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So when do we negotiate?

Published: Jun 09 , 2020
Author: Mark Simpson

Despite the often voiced assertion that “everything is negotiable”, not everything in life is. That’s why we as human beings developed all the other methods and approaches to resolving conflict listed in my previous Blog . There are however, four main situations in which we all find ourselves in on a daily basis where negotiating is appropriate and should be considered.

When someone wants or needs to change a deal, or just wants a better deal

All businesses and organisations will have existing agreement in place with other parties, whether they’re written or verbal. When anyone seeks to change those agreements, there’s an opportunity to negotiate. For example, think about the customer or client who wants to delay your contracted services. They need something from you — a delay. In order to give them that, you must let them change the terms of your contract.

Instead of just giving in and making the change in the hope of preserving the relationship, consider this: “What do I need in return to enable me to make that change happen?” In other words, what do you need to trade to make that request worth your while? It could be a contract extension, prepayment of services, or just a referral to more business. If they want a better deal, think about what you need in order to give them that deal, and use that to get a better deal for yourself as well.

When an external factor disrupts the relationship

The Covid-19 crisis has been the mother of all external disruptions. As such, every business and organisation has been impacted in some way. In these circumstances, opportunities exist to strengthen good relationship and make bad ones better. In other words, now is the time to either double-down or hit the reset button.

When there’s a disruption that impacts everyone, the rules change. Consider this: your contract was based on normal circumstances. Now that those circumstances have changed, it is worth revisiting that contract to determine what else needs to change in order to deal with the new normal. Now the question becomes, “What are you willing to trade and what do you need in return to make that adjustment?”

When there’s a complaint

Whether you are the party with a complaint or are on the receiving end of a complaint, there’s an opportunity to negotiate. If you have a complaint to make, don’t just state your grievance – propose a remedy. Tell them what it’s going to take to make your complaint go away. As long as what you ask for is reasonable, you will be amazed how many times the other side will give you what you want, without asking for anything in return.

If you are on the receiving end of a complaint, listen to them, identify and summarise the issues from their perspective and be empathetic. Then ask the question, “What can I do to make it better?” Statistically, most people are reasonable and will either ask for an apology and for you to put things right (usually a low or no cost option for you) or they'll ask for something of relatively low cost to you. You can give them what they want and the relationship is maintained or indeed strengthened. If they ask for more than is reasonable then they’re looking for a better deal, in which case it’s time to negotiate.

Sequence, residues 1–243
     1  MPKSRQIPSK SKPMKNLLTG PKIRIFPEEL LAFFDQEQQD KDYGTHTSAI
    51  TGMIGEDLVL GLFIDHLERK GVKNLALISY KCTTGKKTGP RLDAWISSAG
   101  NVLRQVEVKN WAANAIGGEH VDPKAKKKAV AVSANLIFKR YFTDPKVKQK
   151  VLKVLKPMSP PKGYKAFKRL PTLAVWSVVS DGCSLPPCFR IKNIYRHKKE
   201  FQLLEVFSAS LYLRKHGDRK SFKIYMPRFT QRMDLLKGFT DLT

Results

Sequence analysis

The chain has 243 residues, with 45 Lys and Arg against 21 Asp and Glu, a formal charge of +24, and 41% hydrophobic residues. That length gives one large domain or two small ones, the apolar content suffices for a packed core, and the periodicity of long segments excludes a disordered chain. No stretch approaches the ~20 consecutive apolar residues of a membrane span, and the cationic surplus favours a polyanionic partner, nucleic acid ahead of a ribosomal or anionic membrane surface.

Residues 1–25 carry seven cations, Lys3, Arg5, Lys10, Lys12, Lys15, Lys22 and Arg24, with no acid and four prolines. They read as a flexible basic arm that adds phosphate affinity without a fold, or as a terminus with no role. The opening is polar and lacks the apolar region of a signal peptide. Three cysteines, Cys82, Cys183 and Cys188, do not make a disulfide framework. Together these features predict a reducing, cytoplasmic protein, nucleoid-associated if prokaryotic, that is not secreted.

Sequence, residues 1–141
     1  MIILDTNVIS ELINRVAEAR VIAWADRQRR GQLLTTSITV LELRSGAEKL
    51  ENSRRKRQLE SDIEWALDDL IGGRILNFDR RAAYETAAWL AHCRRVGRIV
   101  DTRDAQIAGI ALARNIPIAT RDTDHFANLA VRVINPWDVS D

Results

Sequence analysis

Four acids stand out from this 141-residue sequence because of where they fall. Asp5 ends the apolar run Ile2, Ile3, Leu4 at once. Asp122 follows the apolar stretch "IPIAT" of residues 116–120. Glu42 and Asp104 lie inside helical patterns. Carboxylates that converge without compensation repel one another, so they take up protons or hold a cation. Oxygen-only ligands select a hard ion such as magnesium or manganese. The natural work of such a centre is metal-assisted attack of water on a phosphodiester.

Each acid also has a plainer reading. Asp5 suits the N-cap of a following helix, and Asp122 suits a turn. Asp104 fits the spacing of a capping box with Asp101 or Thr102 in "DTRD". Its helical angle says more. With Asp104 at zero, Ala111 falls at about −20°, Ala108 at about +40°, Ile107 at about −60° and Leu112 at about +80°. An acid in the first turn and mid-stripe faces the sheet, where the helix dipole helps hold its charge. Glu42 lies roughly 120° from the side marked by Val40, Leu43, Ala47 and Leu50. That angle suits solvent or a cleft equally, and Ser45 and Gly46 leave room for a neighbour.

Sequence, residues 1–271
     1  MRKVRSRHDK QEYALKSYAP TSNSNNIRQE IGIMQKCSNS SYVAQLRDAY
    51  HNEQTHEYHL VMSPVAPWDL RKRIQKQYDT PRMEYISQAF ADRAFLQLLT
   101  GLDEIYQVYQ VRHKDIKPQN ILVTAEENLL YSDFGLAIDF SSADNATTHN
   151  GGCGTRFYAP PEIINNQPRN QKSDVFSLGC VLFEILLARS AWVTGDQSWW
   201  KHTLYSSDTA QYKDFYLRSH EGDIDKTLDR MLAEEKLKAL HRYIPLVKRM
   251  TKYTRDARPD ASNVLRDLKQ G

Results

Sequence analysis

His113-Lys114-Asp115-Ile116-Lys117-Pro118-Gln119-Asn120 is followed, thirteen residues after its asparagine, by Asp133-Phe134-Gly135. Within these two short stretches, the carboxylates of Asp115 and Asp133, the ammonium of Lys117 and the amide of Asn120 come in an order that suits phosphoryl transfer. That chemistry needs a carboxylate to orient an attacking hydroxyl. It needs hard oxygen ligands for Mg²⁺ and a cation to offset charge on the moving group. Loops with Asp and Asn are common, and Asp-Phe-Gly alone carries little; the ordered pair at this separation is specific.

When someone says “No.”

Many people dread hearing the word “No”. A good negotiator seeks firstly to understand WHY it’s a “No” and then whether there are circumstances under which it might be turned into a “Yes”. Kids are very good at this. When you tell your kids “No,” do they stop asking? Of course not. Kids have no fear of the word “No.” In fact, they look at it as the start of the negotiation, and so should we. Our job is to find out why? Discover the reasons, motivations, and constraints behind the “No” and then look for the opportunity to try and trade with them. If we can help them meet their needs and objectives, then they have less reason to say “No” to us.  

Conflicts can often be resolved much quicker through negotiation. Recognize when it’s appropriate to negotiate and be ready to do so if it is. Know what your objectives and priorities are, probe to understand the other sides, then try and give them what they want, on your terms. Negotiation should be an enabling process, not a process of denial. 

To negotiate well we need to understand and manage both the process of negotiation itself and the skills associated with it. Scotwork can help you master this, quickly and easily, saving you time, money and relationships. If you'd like help doing this, get in touch:

info@scotwork.co.nz, P: 04298644

 

 


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About the author:

Mark Simpson
Born and raised in the UK, where he first became involved with Scotwork, Mark has lived in New Zealand since 1994. Mark has a passion for teaching, coaching and negotiating, not just in the classroom but working alongside clients helping them to achieve outstanding results in major commercial and industrial relations negotiations.

Read more about Mark Simpson

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Latest Blog:

8 tips to negotiating in a recession (Pt 4)

There is usually more than one solution to every problem. You may have come up with what you think is the best solution, but there is no guarantee that it will be acceptable to the other party. When operating in a challenging economic climate, what you think is reasonable may have a considerably large impact on the other party you are negotiating with, an impact you may not have thought of or are not aware of. Upskill your people, look for opportunity and think beyond the dollars.

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